I read with interest the PAW article (Campus Notebook, July 6) and letters (Oct. 26) about increasing grad-alumni participation in Princeton. They provoked conversations with friends who received graduate degrees at non-Princeton institutions: “How would you characterize your interactions with your graduate alma mater?” The uniform answer was: “Poorly — I have no feeling for the institution at large.” All felt their prime interaction was with their department (broadly), or (more narrowly) with their thesis prof’s research group. This response cut across age/academic disciplines. (My Ph.D. is in chemistry, but I actually spoke with a Princeton Ph.D. in English.)
Bottom line: Weak grad-alumni-institution interactions are the norm. Princeton’s situation is typical. After they receive their degrees, there’s no strong reason for grad alumni to remain in contact with one another, with their departments, or with the institution at large. The Woodrow Wilson School seems to be an outlier, because there are professional (networking) reasons for its graduates to maintain contact with one another. I suspect graduate alumni of schools of medicine, law, and business administration may have relatively strong post-degree interactions, but this doesn’t help Princeton.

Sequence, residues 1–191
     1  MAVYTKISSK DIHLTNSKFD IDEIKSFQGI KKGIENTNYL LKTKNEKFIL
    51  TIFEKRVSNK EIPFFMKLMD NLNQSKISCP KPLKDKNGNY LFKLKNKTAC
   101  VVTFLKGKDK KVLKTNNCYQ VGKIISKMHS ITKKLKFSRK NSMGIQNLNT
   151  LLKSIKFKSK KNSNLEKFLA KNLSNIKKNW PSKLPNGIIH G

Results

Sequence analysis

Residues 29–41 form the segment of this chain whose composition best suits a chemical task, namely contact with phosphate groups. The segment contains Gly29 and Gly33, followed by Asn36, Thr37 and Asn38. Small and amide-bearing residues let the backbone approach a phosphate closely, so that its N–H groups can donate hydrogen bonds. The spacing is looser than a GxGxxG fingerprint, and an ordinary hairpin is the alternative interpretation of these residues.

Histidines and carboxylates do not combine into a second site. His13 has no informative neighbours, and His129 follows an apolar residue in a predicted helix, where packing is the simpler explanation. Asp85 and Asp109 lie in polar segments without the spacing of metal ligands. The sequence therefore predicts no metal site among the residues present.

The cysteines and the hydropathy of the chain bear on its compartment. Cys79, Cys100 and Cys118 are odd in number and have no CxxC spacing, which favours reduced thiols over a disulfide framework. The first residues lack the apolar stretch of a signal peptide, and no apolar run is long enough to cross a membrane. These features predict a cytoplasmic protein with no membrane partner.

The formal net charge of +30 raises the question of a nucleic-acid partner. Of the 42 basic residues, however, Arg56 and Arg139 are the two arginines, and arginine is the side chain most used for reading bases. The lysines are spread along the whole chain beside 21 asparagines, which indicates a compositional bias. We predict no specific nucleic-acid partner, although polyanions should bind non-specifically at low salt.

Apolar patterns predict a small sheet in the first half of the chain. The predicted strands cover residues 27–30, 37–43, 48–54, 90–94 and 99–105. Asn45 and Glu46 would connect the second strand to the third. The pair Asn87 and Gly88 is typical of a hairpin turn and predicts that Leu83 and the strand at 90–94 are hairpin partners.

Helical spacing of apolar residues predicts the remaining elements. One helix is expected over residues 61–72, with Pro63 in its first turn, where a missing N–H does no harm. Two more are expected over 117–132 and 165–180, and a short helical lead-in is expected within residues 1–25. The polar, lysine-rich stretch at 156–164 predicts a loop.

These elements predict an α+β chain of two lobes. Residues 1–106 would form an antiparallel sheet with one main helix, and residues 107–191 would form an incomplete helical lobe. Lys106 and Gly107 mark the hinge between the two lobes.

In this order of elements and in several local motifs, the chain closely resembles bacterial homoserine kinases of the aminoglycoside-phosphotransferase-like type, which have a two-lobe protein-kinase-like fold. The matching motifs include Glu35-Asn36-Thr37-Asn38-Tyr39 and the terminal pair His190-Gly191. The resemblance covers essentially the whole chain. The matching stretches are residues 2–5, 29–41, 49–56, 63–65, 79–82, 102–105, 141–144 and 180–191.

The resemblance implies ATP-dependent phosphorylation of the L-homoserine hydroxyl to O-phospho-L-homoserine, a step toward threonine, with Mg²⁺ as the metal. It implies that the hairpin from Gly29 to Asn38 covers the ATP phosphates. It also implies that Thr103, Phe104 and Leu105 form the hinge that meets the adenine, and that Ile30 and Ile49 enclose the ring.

A modest proposal: Since interactions seem to be department-based rather than institution-based, I suggest that Princeton create department-based “graduate alumni secretaries” (GAS) whose functions would parallel those of the undergraduate alumni class secretaries. A GAS would be a graduate alumnus, not a faculty or departmental staff member. The GAS might collate and disseminate news about graduate alumni, organize annual poster sessions for graduate alumni, etc. They also might help recruit the best and brightest seniors from their undergrad alma maters into Princeton graduate programs.